I thought I would post an excerpt from an ongoing conversation on the Arkansas Times website between myself and another Arkansan. It tells a bit about where the battle stands and why I fight the fight when it doesn't affect me personally.
Posted by: Don Keyhotay November 5, 2008 02:54 PM
But if it were your rights at stake, would you want "essentially the same"? Or would you want the same? + I have the feeling that Don Keyhotay grew up in AR at later date than I did.-Posted by: MuddlingThrough
"Separate but equal" is not equal, it's discrimination.-Posted by: G******** Don't mistake my position. I'm against gay marriage but I am trying to accommodate a middle ground - I am for equal rights - and the law says a marriage can consist of one adult MAN and one adult WOMAN, regardless of race, creed or color.
THEREFORE MARRIAGES ARE AVAILABLE EQUALLY TO ALL PEOPLE.
If you want the same rights without being married, call it a civil union and I think you will get it. The only difference is the inability to adopt or foster parent - because you, as a couple, are NOT the same as a married man and woman. Is there any other difference that I am missing?
Claiming a civil union is the equivalent of the broken down schools and separate junky drinking fountains that blacks were left with in the separate but equal 50's (which I do in fact remember, Junior) is an insult to the kids that grew up and survived that joke of "equality" that they were forced to endure.
You make your own decision - its your choice whether you want the additional rights that are achievable right now with a civil union - and keep working for the that last "right" you think you are entitled to - or decide that you will forfeit access to all of those rights because of the one that you can't get.
Four years ago I was where you are at, looking for the middle ground. I believed as you do now that civil unions would be "just as good" and that marriage should be between a man and a woman. That's why I voted against that asshat amendment last cycle. But what got me to thinking, I mean REALLY thinking, was meeting gay and lesbian couples, hearing their stories, and realizing that they really weren't any different from me. And here I was saying, "Even though you two love each other, you can't have a marriage, but here is something 'essentially the same'". While trying to find that middle road, I was still marginalizing and separating my LGBT brothers and sisters from myself, still discriminating.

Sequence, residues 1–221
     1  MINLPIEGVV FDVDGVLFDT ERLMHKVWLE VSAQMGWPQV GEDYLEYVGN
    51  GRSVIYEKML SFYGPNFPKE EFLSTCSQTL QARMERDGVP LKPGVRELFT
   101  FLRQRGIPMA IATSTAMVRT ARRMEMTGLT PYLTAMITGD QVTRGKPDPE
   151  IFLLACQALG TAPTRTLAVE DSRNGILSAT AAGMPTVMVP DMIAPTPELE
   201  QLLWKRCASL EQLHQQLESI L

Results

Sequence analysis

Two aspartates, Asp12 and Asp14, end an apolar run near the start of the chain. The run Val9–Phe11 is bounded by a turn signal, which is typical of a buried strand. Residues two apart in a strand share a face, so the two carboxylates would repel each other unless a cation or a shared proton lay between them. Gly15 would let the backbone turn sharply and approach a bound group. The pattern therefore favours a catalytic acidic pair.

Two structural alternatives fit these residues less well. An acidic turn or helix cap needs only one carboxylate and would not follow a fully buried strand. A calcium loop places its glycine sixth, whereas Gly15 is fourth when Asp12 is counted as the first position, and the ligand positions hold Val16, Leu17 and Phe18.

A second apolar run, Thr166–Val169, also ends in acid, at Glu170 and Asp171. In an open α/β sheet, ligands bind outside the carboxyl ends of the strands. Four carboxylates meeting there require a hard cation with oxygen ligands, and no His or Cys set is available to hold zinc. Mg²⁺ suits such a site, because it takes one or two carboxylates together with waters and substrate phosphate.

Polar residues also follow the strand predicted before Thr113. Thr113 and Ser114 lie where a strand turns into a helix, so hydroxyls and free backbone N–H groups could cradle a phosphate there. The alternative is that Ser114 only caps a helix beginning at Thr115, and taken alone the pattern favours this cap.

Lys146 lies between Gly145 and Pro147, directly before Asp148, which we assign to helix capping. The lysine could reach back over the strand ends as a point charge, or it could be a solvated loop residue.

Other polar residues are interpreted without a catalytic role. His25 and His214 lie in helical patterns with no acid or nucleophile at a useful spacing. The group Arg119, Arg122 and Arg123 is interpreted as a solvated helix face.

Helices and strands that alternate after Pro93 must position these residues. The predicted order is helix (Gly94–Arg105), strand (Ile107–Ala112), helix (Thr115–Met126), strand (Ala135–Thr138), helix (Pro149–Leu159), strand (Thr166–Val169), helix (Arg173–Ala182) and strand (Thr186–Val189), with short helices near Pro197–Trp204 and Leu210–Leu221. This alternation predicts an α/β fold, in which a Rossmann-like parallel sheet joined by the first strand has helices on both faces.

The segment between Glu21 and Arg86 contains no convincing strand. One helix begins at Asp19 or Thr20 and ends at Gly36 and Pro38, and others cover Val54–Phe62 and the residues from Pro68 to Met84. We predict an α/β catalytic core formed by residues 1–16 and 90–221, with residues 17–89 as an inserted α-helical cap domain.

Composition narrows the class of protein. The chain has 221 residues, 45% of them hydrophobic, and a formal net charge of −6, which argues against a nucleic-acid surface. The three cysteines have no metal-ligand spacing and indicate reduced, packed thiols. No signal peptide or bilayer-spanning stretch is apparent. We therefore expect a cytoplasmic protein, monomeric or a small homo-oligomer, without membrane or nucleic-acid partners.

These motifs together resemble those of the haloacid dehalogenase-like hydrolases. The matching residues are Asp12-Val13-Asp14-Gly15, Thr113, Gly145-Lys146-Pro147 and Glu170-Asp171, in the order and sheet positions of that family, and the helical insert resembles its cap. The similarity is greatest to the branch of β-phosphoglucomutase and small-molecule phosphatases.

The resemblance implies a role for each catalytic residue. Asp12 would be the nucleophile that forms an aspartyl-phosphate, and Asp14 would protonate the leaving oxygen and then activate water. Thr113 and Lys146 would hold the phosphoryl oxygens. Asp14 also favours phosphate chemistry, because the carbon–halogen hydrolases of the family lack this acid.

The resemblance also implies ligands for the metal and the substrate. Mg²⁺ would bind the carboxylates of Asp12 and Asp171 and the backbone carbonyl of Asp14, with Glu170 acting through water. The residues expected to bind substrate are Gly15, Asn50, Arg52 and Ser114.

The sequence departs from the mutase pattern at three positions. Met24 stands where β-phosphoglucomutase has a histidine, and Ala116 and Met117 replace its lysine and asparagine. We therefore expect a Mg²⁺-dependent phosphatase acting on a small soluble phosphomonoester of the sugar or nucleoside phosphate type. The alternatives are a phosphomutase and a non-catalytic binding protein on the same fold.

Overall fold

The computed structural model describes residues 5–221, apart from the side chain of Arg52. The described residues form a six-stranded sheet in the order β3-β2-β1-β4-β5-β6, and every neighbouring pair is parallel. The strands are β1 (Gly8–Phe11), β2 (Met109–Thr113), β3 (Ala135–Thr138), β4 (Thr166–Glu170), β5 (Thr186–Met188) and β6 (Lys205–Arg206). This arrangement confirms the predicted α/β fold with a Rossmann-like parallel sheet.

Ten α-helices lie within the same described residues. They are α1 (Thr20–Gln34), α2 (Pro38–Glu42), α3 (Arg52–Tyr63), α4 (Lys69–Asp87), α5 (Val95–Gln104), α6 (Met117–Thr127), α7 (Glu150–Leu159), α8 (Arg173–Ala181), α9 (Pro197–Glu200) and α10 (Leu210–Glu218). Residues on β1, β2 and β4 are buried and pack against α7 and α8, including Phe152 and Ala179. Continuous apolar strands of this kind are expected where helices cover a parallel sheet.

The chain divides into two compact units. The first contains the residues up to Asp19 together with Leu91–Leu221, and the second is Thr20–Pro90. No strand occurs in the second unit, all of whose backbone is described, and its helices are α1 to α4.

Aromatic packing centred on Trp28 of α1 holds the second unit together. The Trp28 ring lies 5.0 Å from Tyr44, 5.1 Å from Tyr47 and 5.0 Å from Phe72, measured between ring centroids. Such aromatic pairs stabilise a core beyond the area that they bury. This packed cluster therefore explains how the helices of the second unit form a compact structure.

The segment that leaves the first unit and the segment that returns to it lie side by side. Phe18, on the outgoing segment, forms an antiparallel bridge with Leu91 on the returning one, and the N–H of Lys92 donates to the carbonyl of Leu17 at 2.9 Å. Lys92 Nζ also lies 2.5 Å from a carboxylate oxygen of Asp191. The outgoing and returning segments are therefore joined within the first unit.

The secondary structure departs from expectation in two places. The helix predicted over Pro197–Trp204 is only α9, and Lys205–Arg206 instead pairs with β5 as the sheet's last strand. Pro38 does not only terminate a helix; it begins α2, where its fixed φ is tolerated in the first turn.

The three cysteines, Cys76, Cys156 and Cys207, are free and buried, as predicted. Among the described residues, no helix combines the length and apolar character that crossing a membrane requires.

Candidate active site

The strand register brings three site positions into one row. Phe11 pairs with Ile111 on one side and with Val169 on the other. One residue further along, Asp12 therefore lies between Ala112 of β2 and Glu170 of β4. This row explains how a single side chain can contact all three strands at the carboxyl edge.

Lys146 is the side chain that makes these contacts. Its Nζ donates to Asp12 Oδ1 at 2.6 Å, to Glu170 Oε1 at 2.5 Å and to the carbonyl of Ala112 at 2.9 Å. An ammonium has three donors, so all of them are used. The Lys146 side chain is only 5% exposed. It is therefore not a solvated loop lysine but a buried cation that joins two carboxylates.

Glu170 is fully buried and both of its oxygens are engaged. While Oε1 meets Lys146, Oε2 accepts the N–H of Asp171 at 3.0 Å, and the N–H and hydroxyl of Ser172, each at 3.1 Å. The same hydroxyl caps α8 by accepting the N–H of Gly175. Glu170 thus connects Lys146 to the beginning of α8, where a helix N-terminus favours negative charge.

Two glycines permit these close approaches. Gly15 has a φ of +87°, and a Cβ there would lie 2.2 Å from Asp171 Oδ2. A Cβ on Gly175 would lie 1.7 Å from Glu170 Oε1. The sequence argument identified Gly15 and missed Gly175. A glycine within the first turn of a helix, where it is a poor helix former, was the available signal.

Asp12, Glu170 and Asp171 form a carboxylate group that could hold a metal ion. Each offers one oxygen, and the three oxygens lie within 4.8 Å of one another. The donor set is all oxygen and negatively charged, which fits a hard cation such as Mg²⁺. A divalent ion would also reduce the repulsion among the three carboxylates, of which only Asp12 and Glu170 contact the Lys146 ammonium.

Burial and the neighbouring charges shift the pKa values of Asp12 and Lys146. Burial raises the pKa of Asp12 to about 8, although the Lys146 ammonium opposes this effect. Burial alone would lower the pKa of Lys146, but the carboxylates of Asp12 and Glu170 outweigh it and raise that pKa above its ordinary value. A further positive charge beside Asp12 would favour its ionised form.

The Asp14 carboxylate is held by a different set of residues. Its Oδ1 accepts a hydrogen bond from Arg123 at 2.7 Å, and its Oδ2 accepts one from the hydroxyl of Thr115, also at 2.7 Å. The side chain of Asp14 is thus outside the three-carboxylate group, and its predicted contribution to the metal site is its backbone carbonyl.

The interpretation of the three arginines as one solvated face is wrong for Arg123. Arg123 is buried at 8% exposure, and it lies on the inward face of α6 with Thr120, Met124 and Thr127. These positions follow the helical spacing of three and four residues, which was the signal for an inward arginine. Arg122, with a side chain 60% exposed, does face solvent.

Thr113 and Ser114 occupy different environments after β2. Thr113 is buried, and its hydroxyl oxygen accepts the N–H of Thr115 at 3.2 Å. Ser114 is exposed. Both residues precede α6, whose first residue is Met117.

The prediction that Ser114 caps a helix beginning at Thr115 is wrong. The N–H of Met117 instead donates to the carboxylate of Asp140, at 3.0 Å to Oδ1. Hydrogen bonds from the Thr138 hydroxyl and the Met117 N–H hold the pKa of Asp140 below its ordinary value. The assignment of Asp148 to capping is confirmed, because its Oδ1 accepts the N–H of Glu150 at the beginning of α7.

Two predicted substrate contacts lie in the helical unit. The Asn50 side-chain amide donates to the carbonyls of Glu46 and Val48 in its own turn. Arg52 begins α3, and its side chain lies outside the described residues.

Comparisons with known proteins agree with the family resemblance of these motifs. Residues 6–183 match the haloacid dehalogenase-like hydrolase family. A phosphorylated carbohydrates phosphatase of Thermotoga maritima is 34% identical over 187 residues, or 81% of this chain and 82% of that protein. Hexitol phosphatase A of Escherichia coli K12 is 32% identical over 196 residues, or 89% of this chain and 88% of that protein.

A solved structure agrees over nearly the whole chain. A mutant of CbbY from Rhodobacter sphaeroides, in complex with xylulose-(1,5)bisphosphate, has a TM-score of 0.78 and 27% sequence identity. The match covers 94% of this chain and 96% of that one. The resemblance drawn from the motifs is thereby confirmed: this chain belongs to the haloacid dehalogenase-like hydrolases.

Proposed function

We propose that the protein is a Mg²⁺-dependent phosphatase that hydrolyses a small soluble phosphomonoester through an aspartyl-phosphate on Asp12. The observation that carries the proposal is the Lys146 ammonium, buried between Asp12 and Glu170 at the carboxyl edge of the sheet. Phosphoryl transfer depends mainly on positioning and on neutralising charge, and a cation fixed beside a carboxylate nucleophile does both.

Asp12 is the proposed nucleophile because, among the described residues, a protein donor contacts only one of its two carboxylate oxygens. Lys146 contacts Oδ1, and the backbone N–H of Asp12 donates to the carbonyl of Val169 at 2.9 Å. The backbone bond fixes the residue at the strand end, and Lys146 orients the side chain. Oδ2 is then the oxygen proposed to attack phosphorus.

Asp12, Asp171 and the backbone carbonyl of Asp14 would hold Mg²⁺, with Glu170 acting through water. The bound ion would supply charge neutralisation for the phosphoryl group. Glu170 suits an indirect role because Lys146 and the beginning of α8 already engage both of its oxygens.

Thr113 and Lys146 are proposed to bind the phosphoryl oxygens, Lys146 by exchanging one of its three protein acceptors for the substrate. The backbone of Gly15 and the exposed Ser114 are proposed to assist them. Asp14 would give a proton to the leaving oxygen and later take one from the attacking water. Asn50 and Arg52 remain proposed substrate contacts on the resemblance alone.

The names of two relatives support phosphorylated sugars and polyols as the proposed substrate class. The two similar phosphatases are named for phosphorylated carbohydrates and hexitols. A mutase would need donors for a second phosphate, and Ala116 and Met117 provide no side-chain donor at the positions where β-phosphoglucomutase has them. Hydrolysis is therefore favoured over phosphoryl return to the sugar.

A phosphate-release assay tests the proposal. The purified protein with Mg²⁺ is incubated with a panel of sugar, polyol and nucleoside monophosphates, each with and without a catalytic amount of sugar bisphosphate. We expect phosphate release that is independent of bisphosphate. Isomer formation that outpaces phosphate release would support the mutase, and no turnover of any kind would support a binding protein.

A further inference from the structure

An Episcopal priest friend of mine put it best when he said that part of the problem we have with LGBT' s (that's Lesbian, Gay, Bisexual & Tran gendered) is the "ick" factor. We see homosexuality as something that is different, an aberration from the norm, and because of this, we separate them from "us". Homosexuality is not something gross or a disease. It is simply a difference, like skin tone or being left handed vs. right handed. It is part of the mosaic that we call humanity.
As I have grown in my faith walk, I have come to believe that there is no difference between gay couples and straight couples. The love they share is the same love that I and my wife share. Why shouldn't we celebrate theirs the same way we celebrated ours? If two adults are in a loving, caring monogamous relationship, why is that different for straights and gays?
In the end, ask yourself, what is so special about a marriage? If it and a civil union are "essentially the same" or "as good as", why aren't they interchangeable? Marriage at one time was just an exchange of property, the father paying someone a dowry to take a daughter off his hands. Women were expected to be faithful, but not necessarily the man. It has only been in our recent history that marriage has been for love (at least since the troubadours) as a commitment on both sides. Who's to say we can't change it again?
Posted by: Arkansas Hillbilly November 5, 2008 03:48 PM
Maybe someday they'll get it...